We decided to wait for another day to enjoy that tart, red, juicy fruit cooked in the flaky crust. I also decided to go for a short walk around the block, do a little work on my fall classes, and sweep the kitchen. Choices count.

One of the many enjoyable things I did during the Christmas holidays is reconnect with old friends. On New Year’s Eve, I met Dorothea at Nacho Hippo at Market Commons in Myrtle Beach, and we spent an enjoyable hour or more reminiscing and philosophizing. Dorothea and I had a great time talking, talking, talking, and I found myself wishing we’d had more time to get better acquainted when we were younger mothers.

One of our topics of conversation was personal choice. Over delicious nachos and tacos, I told her that the most profound thing I learned in college was that I am the master (or should that be mistress?) of my fate. I can blame my disappointments and shortcomings on the weather, the economy, my children, or my ancestors, but that’s a copout. Really, it is.

Decades ago, I was sitting in a PHI 101 class stealthily working a crossword puzzle while I listened to the professor talk about some of the great thinkers in philosophy. A lot of the things he was saying were either too complicated for me to understand or too boring for me to think about. But then, Dr. Jones began extolling the work of Jean Paul Sartre and said these thought provoking words of Sartre: “I am my choices,” a simple phrase that I’ve never stopped thinking about.

Granted, there are “extenuating circumstances,” but overall, I truly believe that we as humans are the sum total of all of our choices. Each day, each hour of each day, we make choices about what we’ll eat, how we’ll spend our time, with whom we’ll associate, whether we’ll study or watch television, whether we’ll exercise or waste more time on FB, and so forth. Physically, mentally, cognitively, emotionally, socially, and behaviorally, we make choices all the livelong day. Plus, as Dorothea and I discussed, the little choices we make pile up over time and can affect us in all sorts of ways, some good and some not so good.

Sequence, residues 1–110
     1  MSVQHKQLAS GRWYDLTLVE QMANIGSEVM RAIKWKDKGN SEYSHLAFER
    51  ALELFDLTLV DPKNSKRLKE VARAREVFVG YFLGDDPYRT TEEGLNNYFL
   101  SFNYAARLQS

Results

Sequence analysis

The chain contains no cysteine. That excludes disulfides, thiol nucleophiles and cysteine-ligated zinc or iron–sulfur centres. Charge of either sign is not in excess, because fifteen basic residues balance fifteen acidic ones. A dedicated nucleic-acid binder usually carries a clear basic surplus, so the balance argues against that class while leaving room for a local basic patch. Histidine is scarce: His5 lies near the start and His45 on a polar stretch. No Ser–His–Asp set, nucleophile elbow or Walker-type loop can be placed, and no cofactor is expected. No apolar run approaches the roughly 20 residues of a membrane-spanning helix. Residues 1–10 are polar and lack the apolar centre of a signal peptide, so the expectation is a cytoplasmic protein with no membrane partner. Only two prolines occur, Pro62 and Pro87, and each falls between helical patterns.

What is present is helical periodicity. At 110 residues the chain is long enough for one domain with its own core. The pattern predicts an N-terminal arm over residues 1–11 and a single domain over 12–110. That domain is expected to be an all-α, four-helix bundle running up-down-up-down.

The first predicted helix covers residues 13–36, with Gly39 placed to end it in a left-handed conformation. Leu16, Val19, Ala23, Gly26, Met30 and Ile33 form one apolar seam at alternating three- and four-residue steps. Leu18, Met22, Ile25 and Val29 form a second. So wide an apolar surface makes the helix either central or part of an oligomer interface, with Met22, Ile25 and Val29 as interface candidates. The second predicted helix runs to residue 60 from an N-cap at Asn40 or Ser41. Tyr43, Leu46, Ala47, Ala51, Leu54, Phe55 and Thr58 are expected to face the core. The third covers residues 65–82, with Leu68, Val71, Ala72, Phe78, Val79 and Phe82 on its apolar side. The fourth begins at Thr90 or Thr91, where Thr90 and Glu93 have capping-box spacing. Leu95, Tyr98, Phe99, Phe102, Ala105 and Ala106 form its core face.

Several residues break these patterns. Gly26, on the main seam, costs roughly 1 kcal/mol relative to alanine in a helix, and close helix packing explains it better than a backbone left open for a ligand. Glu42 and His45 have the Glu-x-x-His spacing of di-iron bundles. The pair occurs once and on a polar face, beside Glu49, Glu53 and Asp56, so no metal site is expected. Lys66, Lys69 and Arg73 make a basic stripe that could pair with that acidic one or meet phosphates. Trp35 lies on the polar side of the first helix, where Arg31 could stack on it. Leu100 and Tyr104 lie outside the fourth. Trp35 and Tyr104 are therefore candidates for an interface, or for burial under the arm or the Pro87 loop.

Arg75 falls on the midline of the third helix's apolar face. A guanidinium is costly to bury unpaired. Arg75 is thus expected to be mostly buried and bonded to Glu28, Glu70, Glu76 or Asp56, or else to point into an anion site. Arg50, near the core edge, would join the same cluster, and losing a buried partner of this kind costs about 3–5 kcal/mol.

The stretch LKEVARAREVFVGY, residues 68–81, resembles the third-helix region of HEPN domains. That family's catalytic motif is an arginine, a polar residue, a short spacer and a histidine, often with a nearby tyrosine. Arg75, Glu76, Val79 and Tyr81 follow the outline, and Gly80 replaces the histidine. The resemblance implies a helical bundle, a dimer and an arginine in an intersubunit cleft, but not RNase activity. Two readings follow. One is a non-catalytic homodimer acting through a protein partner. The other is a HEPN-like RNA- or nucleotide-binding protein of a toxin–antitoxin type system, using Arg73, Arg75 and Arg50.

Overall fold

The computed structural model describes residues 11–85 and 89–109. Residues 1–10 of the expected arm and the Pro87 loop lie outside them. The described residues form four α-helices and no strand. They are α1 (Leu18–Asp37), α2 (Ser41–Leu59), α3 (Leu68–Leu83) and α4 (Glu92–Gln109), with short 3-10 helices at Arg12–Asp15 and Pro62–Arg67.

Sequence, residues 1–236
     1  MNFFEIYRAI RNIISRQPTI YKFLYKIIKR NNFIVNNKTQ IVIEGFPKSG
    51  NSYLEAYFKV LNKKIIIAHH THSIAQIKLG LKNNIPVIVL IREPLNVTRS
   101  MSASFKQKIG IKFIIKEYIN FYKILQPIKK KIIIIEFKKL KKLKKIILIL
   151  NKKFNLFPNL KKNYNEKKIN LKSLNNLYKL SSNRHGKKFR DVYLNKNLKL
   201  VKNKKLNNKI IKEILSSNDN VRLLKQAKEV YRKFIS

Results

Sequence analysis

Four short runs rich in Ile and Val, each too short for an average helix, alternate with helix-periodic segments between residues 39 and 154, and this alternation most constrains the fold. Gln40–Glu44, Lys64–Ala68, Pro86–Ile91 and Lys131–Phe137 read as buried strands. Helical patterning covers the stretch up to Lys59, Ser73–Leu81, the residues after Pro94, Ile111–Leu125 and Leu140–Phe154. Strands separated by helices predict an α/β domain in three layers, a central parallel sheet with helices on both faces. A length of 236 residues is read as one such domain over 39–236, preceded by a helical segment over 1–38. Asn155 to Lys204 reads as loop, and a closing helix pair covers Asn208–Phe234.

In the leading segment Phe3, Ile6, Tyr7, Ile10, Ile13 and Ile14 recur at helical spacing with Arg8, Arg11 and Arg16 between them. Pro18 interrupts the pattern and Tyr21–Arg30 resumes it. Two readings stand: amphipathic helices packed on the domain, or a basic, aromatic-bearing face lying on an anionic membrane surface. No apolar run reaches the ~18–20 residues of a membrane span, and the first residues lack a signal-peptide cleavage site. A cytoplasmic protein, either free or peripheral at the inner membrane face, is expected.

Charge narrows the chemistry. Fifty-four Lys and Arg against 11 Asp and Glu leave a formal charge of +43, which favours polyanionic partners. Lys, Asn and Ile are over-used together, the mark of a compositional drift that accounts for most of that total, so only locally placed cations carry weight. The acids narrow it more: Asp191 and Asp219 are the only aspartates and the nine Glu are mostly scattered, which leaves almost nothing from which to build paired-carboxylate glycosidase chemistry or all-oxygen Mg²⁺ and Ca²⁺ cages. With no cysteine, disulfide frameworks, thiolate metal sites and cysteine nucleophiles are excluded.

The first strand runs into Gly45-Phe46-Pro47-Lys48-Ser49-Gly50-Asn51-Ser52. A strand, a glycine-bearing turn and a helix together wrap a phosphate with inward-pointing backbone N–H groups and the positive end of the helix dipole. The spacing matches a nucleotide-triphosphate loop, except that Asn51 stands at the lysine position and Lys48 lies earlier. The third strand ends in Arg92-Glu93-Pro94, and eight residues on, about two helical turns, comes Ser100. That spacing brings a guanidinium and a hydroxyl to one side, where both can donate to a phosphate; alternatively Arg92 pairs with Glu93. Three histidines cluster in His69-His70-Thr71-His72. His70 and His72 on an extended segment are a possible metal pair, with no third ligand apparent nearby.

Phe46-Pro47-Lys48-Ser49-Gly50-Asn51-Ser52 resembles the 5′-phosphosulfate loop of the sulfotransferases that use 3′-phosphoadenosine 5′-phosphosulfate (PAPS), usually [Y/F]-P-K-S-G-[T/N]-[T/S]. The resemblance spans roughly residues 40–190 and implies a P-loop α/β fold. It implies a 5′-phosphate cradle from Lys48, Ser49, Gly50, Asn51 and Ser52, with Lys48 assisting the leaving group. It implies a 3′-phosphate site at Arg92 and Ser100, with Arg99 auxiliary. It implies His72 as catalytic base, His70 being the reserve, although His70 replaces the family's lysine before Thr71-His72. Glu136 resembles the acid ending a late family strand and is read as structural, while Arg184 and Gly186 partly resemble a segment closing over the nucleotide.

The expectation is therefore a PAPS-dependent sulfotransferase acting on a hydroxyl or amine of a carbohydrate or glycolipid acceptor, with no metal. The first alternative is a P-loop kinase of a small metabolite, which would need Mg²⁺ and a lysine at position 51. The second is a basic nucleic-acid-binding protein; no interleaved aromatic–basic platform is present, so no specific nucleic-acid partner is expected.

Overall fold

As I sit here at the computer, I’m dining ( late lunch) on some goodies that one of the admissions counselor’s mothers brought by for us. I ate a ham sandwich on white bread (no wheat available) without mayonnaise. I opted for pretzels instead of chips, one dark chocolate Bliss square, and a tiny little piece of a brownie. Oh yes, and I’m drinking water. I can’t see myself drinking another soft drink after reading about the correlation between sodas and diabetes and obesity. I’m not bragging on my restraint (I wanted a brownie, chips, and another sandwich) but merely demonstrating the impact of personal choice. Oh, and I also went for a three-mile walk before work this morning, and YES it was cold, very cold. It would have been easier to stay in my warm house and play Scrabble on my Kindle, but too many choices like that, and I’d end up stiff, grumpy, and chubby.

That’s one type of choice. Here’s something else I heard from a student yesterday. She’s begun and dropped out of three different programs at the college, all for the same reason: they take too long to finish!

“What are your career choices if you don’t graduate?” I asked her.

“That’s why I’m back again,” she said. “I’m going nowhere fast in my present job. I don’t even have any benefits.”

Looking through the schedule of classes, we found a couple that would fit her schedule. Unfortunately, she hasn’t committed to either of them yet. Too late at night, too hard. What will she decide? It’s her choice, and it’s a choice that could affect her entire future and that of her children. It’s only a semester and only two courses, but these courses are fundamental stepping stones…or not.